Special Issue "Extreme Fire Events, Ecosystem Resilience, and Human Well-Being"

A special issue of Fire (ISSN 2571-6255).

Deadline for manuscript submissions: closed (30 June 2019).

Special Issue Editors

Dr. Daniel G. Neary
E-Mail Website
Guest Editor
Rocky Mountain Research Station, USDA Forest Service, Washington, DC 20227, USA
Interests: watershed hydrology; water resources management; forest hydrology
Special Issues and Collections in MDPI journals
Dr. Grant Harley
E-Mail Website
Guest Editor
Department of Geography, University of Idaho, Moscow, ID 83844, USA
Interests: dendrochronology; paleoclimatology; climate change; wildfire; drought; cave and karst environments
Special Issues and Collections in MDPI journals
Dr. Sean Michaletz
E-Mail Website
Guest Editor
Department of Botany and Biodiversity Research Centre, University of British Columbia, 2212 Main Mall, Vancouver, BC V6T 1Z4 Canada
Interests: plant physiological ecology; macroecology; fire behavior and effects
Dr. Carl A. Seielstad
E-Mail Website
Guest Editor
Fire Science & Management, UM FireCenter Program Director - Fire and Fuels, College of Forestry and Conservation, The University of Montana, Missoula, MT 59812, USA
Interests: fuels; fire behavior; fire ecology; remote sensing; lidar; forest structure

Special Issue Information

Dear Colleagues,

This Special Issue intends to begin documenting the global occurrence of extreme wildfires, the conditions leading to them, their behavior, and their effects on ecosystems and humans.  Recent scientific findings have bolstered hypotheses that climate change is aggravating wildfire conditions in many parts of the world, resulting in longer fire seasons, larger burned areas, higher fire severities, and increased impacts on humans. For example, areas affected directly by wildfires in the southwestern USA have increased dramatically from <10,000 ha yr-1 in the early 20th century to over 230,000 ha yr-1 in the first decade of the 21st century, with some of the burned landscapes now following divergent successional pathways to novel ecological conditions. A combination of drought, abnormal weather conditions, excessive fuel loads, invasive species, land-use change, and increased ignitions is producing the perfect conditions for fire-induced desertification in many parts of the world. Desertification is about the loss of hydrologic function, biological productivity, and other ecosystem services, and it now affects 75% of the Earth’s land surface and over a billion people. Some of the environmental consequences of extreme wildfires are vegetation injury and mortality, plant species and type shifts, exotic plant invasions, wildlife habitat destruction, soil erosion, floods, watershed function decline, water supply disruption, air pollution, and direct human impacts. All of these impacts affect human well-being directly or indirectly, and many will persist beyond the careers and lifetimes of individuals. Although many ecosystems often return to normal dynamic states after wildfires, others may be permanently altered, shifted to lower system states and providing fewer services.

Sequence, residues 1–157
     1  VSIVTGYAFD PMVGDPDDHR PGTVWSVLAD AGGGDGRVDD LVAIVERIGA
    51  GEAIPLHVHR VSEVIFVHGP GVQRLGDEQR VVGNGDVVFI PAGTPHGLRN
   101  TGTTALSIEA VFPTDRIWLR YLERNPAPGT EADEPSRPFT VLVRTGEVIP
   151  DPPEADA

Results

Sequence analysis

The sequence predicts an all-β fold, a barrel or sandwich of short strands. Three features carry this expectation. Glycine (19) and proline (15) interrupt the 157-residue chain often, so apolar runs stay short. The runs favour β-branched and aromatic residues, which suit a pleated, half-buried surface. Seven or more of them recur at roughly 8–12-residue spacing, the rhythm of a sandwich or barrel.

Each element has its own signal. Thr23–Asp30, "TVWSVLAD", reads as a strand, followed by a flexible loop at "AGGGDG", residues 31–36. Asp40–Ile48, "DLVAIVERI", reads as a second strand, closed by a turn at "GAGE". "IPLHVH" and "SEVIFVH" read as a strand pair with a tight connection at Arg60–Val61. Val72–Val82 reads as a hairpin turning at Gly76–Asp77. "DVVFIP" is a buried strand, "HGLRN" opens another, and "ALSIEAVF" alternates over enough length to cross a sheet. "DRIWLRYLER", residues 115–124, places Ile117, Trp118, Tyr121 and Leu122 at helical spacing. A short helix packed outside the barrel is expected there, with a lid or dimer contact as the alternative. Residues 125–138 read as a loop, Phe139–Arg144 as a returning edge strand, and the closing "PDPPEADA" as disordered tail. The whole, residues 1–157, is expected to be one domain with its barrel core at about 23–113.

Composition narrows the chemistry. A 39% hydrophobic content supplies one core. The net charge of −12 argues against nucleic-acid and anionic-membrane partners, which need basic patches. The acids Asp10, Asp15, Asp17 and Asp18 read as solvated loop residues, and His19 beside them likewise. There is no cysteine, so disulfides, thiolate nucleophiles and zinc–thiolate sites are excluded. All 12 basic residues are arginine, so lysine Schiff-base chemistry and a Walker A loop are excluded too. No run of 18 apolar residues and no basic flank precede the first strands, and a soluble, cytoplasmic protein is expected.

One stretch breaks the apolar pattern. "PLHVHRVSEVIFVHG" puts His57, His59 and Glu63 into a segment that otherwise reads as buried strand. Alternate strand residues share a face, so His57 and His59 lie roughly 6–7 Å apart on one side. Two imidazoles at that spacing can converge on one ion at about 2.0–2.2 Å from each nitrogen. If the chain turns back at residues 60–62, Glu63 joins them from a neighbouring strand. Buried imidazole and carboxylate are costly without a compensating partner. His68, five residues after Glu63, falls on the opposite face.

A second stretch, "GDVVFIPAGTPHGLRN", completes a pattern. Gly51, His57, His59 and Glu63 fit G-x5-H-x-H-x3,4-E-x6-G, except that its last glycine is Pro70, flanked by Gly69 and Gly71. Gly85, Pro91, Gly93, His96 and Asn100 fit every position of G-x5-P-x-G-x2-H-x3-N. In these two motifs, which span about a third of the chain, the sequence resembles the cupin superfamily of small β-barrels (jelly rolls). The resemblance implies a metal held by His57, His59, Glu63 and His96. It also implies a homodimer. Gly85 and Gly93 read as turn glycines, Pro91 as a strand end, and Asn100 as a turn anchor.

In order to begin understanding how extreme wildfires are challenging ecological resilience and impacting human well-being, we invite the submission of articles on the topics of extreme wildfire events, wildfire induced landscape degradation, ecosystem resilience, and fire impacts on human well-being, including but not limited to:

  • Descriptions of extreme wildfire events and their scales
  • Criteria distinguishing extreme wildfires from other wildfires
  • Wildfire effects across biological scales (organs to ecosystems)
  • Wildfire-induced desertification/degradation
  • Forest and grassland resilience (or lack of) to wildfire disturbance
  • Approaches to assist ecosystem recovery after extreme wildfire events
  • Resilience (or lack) of wildlife populations to extreme wildfire events
  • Wildfire impacts on infrastructure
  • Water supply disturbance after severe wildfires
  • Human health impacts of extreme wildfire events

We seek a global perspective.

Dr. Daniel G. Neary
Dr. Grant Harley
Dr. Sean Michaletz
Dr. Carl A. Seielstad
Guest Editors

Manuscript Submission Information

Manuscripts should be submitted online at www.mdpi.com by registering and logging in to this website. Once you are registered, click here to go to the submission form. Manuscripts can be submitted until the deadline. All papers will be peer-reviewed. Accepted papers will be published continuously in the journal (as soon as accepted) and will be listed together on the special issue website. Research articles, review articles as well as short communications are invited. For planned papers, a title and short abstract (about 100 words) can be sent to the Editorial Office for announcement on this website.

Submitted manuscripts should not have been published previously, nor be under consideration for publication elsewhere (except conference proceedings papers). All manuscripts are thoroughly refereed through a single-blind peer-review process. A guide for authors and other relevant information for submission of manuscripts is available on the Instructions for Authors page. Fire is an international peer-reviewed open access quarterly journal published by MDPI.